This interesting book by John Butler traces the history behind the disappearance of the remains of England's greatest saint, St. Thomas Becket. The remains which until 1538, rested in Canterbury Cathedral, have gone "missing". The author gave several possible outcome although from the tone of the book, it appears that the bones of St. Thomas might be gone forever. That was due to the fact that in 1538, Henry VIII who in his height of reformation fever and his stuggles against the Pope, ordered the destruction of St. Thomas' remains. And even if that order was avoided and the body reburied in secret, to find that possible body would mean tearing up the floor of this historical and holy cathedral. So in some weird way, the remains of St. Thomas will probably be lost forever.

The book proves to be well written, researched and interesting bit of history's mysteries. It come well illustrated with diagrams and photographs which helped with the narrative. Thus, the book come highly recommended.
Comment Was this review helpful to you? Yes No Sending feedback...
Thank you for your feedback. If this review is inappropriate, please let us know.
Sorry, we failed to record your vote. Please try again
3 of 4 people found the following review helpful By T. Murphy on May 11, 2006
Format: Paperback
At a time when 'The Da Vinci Code' is poised to open strongly at the box office, it's nice to find a historical mystery that is actually grounded in reality! In this case, it's the mystery surrounding the remains of St. Thomas Becket, Archbishop of Canterbury.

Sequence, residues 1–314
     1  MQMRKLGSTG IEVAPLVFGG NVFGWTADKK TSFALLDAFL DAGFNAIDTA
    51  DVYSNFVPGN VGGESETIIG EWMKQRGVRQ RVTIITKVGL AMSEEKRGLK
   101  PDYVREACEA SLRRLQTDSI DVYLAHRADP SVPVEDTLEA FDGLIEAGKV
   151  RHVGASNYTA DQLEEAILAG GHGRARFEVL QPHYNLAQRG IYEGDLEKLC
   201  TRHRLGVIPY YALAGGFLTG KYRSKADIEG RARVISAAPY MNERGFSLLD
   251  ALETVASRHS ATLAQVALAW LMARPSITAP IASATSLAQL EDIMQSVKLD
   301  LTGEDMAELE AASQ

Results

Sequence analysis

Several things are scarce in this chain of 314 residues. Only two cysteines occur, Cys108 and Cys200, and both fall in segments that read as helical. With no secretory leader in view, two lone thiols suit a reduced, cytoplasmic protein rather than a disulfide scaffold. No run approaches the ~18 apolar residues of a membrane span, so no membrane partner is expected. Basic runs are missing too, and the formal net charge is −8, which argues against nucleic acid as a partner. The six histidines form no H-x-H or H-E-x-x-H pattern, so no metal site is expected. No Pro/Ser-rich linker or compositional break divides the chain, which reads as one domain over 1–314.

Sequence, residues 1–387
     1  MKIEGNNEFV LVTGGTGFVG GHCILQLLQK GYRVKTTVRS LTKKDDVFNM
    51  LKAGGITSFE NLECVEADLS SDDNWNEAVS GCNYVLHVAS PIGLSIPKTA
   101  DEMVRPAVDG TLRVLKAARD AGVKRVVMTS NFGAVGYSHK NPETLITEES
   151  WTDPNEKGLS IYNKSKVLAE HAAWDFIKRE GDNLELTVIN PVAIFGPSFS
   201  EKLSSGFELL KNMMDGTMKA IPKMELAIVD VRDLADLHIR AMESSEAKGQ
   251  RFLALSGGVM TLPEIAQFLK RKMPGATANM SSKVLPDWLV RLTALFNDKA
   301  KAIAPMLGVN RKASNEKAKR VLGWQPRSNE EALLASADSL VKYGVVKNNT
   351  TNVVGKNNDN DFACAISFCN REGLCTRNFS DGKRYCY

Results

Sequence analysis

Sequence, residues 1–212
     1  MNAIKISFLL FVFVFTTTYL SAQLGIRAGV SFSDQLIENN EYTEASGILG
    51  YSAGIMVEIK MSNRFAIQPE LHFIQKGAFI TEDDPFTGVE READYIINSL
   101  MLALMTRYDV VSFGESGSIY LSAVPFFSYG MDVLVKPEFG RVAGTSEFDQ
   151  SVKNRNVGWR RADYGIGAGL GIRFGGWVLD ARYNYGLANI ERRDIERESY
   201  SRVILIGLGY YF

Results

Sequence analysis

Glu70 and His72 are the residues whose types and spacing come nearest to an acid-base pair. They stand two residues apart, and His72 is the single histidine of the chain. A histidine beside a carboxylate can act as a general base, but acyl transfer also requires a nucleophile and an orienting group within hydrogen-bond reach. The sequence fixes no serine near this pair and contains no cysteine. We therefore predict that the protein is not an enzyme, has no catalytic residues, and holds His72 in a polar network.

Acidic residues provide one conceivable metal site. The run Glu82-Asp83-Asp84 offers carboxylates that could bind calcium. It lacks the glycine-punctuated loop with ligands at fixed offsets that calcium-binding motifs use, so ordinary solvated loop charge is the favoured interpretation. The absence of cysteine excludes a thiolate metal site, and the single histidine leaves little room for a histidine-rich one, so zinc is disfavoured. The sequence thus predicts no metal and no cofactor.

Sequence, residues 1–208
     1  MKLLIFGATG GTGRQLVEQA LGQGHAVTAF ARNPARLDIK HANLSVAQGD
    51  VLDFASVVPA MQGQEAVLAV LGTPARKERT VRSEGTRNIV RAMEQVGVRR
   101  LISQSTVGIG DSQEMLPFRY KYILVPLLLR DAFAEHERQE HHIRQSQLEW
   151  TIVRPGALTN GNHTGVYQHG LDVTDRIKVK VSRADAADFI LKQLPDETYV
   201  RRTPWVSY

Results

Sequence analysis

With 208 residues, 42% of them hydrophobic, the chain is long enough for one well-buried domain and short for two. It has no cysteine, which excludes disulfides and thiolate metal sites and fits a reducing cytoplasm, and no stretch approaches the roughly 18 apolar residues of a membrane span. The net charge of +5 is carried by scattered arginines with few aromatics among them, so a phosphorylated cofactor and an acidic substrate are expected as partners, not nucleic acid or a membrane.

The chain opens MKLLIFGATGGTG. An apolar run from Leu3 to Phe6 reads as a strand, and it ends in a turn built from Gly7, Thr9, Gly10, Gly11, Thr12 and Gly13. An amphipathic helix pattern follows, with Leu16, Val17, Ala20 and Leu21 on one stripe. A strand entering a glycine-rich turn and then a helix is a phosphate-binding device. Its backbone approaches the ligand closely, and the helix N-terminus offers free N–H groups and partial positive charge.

Following his murder in 1170, Becket's remains were interred in two places within the Carterbury Catherdral - a below-ground crypt from 1170 through 1220, and an above-ground shrine from 1220 through the shrine's destruction in 1538. Thereafter, numerous theories described how his remains were rescued from the destruction... but no one could authoritatively determine where they were. Then, in 1888, a shallow grave just beneath the shrine's former location was opened, revealing a man's bones. Could these be the relics of the sainted Thomas Becket, the most revered person in English Catholicism?

The mystery didn't end there, and in fact, the book begins with a Da Vinci Code-like event in the early 1990s. It may not thrill quite like Dan Brown's novel, and that's about the only drawback to an otherwise great read. Truth IS stranger than fiction!
Comment Was this review helpful to you? Yes No Sending feedback...
Thank you for your feedback. If this review is inappropriate, please let us know.
Sorry, we failed to record your vote. Please try again
3 of 4 people found the following review helpful By Linda Pagliuco VINE VOICE on June 21, 2004
Format: Paperback
Always fascinated by Becket's story, I eagerly began this book hoping to discover a definitive solution to the mystery of the whereabouts of his vanished bones. I didn't find the answer (probably too much to hope for), but the book does provide a thorough compilation of the possibilities. Butler's style is smooth and readable, and he does a commendable, objective job of analyzing the facts. To his credit, he does not try to "sell" his own ideas on which of the scenarios is most likely. A worthwhile study of one of history's enduring mysteries.
Comment Was this review helpful to you? Yes No Sending feedback...
Thank you for your feedback. If this review is inappropriate, please let us know.
Sorry, we failed to record your vote. Please try again